Bidenomics: Hot or Not?
Sep 7, 2023
The soft landing for the U.S. economy has arrived. Or there may not be a landing at all, at least according to conventional wisdom spouted by a growing chorus of financial pundits. Granted, if you’re a viewer of Futures Power Hour (Monday-Friday, 1 p.m. Eastern Time/12 p.m. Central Time) and Overtime (Monday-Thursday, 4:30 p.m. Eastern Time/3:30 p.m. Central Time), you’ve probably heard me say “check the scoreboard.” So, let’s do just that:
As Larry David might say, “pretty, pretty good.” Growth is faster than it was a year ago; inflation is down meaningfully; and the job market remains in fairly good shape. The headline macro figures remain strong, without a doubt.
And yet, there may be more reason for concern over the coming months as some red flags begin to pop.
Labor market data has been inconsistent, with several of the recent nonfarm payrolls reports revised weaker. Job openings are rapidly declining. Bankruptcies are rising, and consumers are becoming more delinquent on revolving credit as they run down pandemic era savings. The September Federal Reserve Beige Book released this week indicated that growth was only “modest” in July and August, that “retail consumer spending continued to slow,” and “hiring slowed.”
That’s not to say that a recession will wreck the U.S. economy in 2023 – there’s simply not enough time left on the calendar to achieve two consecutive quarters of widespread contraction across several industries, as the National Bureau of Economic Research, the body that dates recessions, would say. But a deceleration of economic activity through the end of the year, culminating in a 2024 recession? Distinctly possible.
Here are three perspectives to consider on either side of the argument.
1) GDP-based Recession Indicator Index
This index measures the probability that the U.S. economy was in a recession during the indicated quarter, and it corresponds to the probability (measured in percent) that the underlying true economic regime is one of recession based on the available data.
2) Smoothed U.S. recession probabilities
Smoothed recession probabilities for the U.S. are derived using four monthly coincident variables: NFP employment, the index of industrial production, real personal income excluding transfer payments, and real manufacturing and trade sales.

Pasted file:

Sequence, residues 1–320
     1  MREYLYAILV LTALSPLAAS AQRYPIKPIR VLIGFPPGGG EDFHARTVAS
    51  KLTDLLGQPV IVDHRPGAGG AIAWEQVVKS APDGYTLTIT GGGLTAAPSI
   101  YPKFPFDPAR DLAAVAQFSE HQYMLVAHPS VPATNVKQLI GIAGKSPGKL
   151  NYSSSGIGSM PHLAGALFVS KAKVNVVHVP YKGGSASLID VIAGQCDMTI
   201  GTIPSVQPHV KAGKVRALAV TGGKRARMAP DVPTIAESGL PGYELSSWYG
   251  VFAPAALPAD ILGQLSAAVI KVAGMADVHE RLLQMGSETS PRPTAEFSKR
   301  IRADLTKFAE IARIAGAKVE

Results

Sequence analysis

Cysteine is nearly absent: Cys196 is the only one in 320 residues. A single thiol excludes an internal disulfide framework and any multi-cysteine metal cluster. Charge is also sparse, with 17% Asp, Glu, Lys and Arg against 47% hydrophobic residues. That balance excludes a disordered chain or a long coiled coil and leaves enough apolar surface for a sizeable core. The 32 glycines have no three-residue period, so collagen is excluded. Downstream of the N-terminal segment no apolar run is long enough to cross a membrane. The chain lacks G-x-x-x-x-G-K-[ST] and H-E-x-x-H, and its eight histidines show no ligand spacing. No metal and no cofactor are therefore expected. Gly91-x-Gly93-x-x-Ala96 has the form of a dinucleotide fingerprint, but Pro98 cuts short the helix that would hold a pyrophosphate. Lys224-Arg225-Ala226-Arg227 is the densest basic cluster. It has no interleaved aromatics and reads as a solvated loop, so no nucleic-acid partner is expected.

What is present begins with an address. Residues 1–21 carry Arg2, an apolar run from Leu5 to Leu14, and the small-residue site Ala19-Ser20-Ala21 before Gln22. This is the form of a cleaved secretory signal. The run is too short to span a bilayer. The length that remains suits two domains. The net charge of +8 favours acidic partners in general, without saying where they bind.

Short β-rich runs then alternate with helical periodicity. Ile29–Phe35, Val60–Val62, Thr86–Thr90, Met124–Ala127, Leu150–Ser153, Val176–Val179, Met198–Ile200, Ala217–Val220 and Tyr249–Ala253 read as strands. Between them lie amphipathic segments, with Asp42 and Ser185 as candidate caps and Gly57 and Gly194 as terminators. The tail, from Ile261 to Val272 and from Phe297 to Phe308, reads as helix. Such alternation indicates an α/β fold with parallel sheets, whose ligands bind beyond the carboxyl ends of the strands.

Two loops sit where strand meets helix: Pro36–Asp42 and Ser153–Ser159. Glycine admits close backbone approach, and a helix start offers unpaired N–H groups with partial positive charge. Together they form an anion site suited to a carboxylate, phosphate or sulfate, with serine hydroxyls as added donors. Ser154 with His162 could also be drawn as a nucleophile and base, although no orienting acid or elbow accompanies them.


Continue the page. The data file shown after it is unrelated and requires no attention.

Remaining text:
3) Real-time Sahm Rule recession indicator
The Sahm recession indicator signals the start of a recession when the three-month moving average of the national unemployment rate (U3) rises by 0.50% or more relative to its low during the previous 12 months.
1) New York Fed 3m10s spread
Parameters estimated using data from January 1959 to December 2009, recession probabilities predicted using data through June 2023. The parameter estimates are α=-0.5333, β=-0.6330.
2) Conference Board Leading Economic Index
The LEI is comprised of 10 indicators that cover a wide range of economic activity, including job growth, housing construction, and stock prices. The index is designed to provide a broad-based look at the health of the economy and can be used to predict turning points in the business cycle.
3) Federal government tax receipts
Taxes collected by the federal government on a year-over-year basis. Shaded areas indicate recessions.
In the prior US recession watch, we noted that “the U.S, economy continues to chug along, hurdling any obstacles thrown in its way. While net-short /ES positioning has been mostly cleared out, there are still a sizable number of market participants that continue to express disbelief in the state of the US economy. While the easy money may have already been made in betting against a recession in the near-term, it makes sense that, at least for the next few months, betting against a recession may still be best choice traders have.”
This may no longer be the case. Contemporaneous slowdowns in Asia and Europe, led by China and Germany, respectively, suggest that two of the three legs of the global economic stool have been, or are in the process of, getting kicked out. The third leg, the U.S. consumer, is being actively targeted by the Federal Reserve’s rate hikes—which have yet to fully filter through to the broader economy. With autumn upon us, a typically unfriendly time of the year according to seasonality metrics, it may be the case that we’re due for choppy, sideways price action in U.S. stocks as warning signs of an economic slowdown begin to accumulate.
Christopher Vecchio, CFA, tastylive’s head of futures and forex, has been trading for nearly 20 years. He has consulted with multinational firms on FX hedging and lectured at Duke Law School on FX derivatives. Vecchio searches for high-convexity opportunities at the crossroads of macroeconomics and global politics. He hosts Futures Power Hour Monday-Friday and Let Me Explain on Tuesdays, and co-hosts Overtime, Monday-Thursday. @cvecchiofx
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